top of page


The Colonel is back with his first 'proper' solo album for over fifty years!

Along with Stax house band, Booker T and the MG's, Steve Cropper's guitar sound not only helped define an entire genre of soul music, but the influential reach of his grooves would spread through modern music for the next half a century.

Cropper's (known as The Colonel) latest solo album, which he calls his first proper solo album since 1969, is firmly rooted in his glory days at Stax, but just like most of the music from that era, it's also timeless. Although Cropper spins out some tasty solos on cracks like 'Far Away', he's always been a groove man, a rhythm player, with a focus on less is more, rather than a lead guitarist. Any solo that lets rip here would feel firmly out of place. Can you imagine any of the songs he played on and co-wrote like '(Sittin' On) The Dock of the Bay' or 'In the Midnight Hour' having show-offy, electric solos? No, neither can we. As a result, the album is filled with bold brass sections and funky percussion that propel tracks like 'Two Wrongs' and 'She's So Fine', while 'Bush Hog' and its various reprises wouldn't be out of place on K. Billy's Super Sounds of the 70's.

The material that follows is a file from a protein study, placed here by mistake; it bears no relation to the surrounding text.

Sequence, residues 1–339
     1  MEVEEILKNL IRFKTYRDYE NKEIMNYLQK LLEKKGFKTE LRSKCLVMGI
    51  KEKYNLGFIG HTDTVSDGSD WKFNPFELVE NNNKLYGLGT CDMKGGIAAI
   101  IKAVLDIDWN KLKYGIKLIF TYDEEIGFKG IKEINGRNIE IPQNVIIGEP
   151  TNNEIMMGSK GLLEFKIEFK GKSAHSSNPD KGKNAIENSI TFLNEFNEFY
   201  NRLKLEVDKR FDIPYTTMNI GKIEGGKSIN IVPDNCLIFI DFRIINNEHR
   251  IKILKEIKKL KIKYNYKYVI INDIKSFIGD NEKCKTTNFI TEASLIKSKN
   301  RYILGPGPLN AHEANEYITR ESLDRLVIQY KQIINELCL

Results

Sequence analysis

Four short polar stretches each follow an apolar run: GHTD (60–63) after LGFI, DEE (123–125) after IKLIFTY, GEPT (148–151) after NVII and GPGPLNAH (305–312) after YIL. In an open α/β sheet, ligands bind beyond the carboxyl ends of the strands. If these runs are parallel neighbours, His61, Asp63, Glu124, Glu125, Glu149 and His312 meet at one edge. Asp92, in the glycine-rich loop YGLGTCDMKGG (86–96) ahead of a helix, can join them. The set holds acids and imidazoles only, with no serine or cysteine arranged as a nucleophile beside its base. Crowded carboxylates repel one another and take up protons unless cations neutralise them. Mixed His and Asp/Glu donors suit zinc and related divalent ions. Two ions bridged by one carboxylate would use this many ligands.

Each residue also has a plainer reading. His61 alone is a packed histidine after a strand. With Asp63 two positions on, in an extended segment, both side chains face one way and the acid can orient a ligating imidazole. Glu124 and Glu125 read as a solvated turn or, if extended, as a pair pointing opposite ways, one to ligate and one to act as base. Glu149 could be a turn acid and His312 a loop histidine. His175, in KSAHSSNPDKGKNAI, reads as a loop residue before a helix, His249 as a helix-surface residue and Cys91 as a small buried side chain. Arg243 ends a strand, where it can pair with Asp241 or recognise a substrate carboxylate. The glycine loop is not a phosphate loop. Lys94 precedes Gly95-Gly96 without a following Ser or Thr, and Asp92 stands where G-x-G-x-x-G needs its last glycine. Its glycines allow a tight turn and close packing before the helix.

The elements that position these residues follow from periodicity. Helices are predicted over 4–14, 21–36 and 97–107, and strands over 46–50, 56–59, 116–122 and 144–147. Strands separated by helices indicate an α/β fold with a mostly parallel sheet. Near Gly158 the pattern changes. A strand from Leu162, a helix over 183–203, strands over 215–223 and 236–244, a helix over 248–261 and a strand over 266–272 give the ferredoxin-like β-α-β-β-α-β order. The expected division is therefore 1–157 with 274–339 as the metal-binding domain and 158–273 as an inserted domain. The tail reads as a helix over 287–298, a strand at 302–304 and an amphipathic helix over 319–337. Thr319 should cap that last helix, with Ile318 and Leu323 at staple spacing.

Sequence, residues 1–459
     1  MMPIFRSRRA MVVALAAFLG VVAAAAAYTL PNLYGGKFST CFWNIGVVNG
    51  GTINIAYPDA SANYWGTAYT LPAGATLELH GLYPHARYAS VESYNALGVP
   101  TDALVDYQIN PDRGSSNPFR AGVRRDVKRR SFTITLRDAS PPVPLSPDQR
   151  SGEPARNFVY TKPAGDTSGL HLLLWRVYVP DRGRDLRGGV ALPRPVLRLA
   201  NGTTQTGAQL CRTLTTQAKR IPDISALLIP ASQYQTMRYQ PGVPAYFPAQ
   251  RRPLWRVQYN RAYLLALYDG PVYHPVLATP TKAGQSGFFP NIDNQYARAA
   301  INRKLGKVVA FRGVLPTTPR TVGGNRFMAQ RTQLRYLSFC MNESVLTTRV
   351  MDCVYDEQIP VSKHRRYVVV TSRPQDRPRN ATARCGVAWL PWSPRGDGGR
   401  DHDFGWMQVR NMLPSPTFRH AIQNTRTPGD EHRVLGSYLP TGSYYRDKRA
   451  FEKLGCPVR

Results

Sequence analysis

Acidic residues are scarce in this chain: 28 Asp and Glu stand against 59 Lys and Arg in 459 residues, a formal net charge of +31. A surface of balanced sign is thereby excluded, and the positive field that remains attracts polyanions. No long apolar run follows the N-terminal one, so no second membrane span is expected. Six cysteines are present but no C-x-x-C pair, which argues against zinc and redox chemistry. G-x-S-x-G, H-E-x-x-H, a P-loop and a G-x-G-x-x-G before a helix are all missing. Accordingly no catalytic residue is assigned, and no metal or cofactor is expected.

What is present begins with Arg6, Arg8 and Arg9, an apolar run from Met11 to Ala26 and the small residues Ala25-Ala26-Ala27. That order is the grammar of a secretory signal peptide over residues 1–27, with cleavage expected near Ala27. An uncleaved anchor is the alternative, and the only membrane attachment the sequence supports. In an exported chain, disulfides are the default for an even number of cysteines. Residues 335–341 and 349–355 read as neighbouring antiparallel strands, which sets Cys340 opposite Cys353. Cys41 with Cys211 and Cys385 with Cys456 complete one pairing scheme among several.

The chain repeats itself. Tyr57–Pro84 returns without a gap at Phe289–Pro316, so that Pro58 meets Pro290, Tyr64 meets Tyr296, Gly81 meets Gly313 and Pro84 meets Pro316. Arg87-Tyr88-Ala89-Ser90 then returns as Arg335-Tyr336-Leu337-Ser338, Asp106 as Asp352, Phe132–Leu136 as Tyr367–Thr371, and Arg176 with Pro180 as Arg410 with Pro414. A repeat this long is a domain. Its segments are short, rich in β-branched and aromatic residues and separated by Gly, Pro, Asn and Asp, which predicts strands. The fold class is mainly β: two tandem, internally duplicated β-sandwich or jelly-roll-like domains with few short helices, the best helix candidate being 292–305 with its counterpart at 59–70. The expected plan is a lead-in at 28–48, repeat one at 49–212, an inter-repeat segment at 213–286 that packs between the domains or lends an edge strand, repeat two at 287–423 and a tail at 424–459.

Roger C Reale's funky blues vocals are strong but don't detract from the songs themselves. Sure, you could have had Tom Jones or Rod Stewart take on any one of these tracks; but this is an album that works well because of a lack of ego. Just like his work with the MG's, Cropper's 'Light it Up' is collaborative and tight, with every musician there to enhance the other, purely for the benefit of the song.

The Colonel may view 'Light it Up' as his first real solo album for decades, and rightly so, it's the kind of album that was worth waiting fifty years for!

bottom of page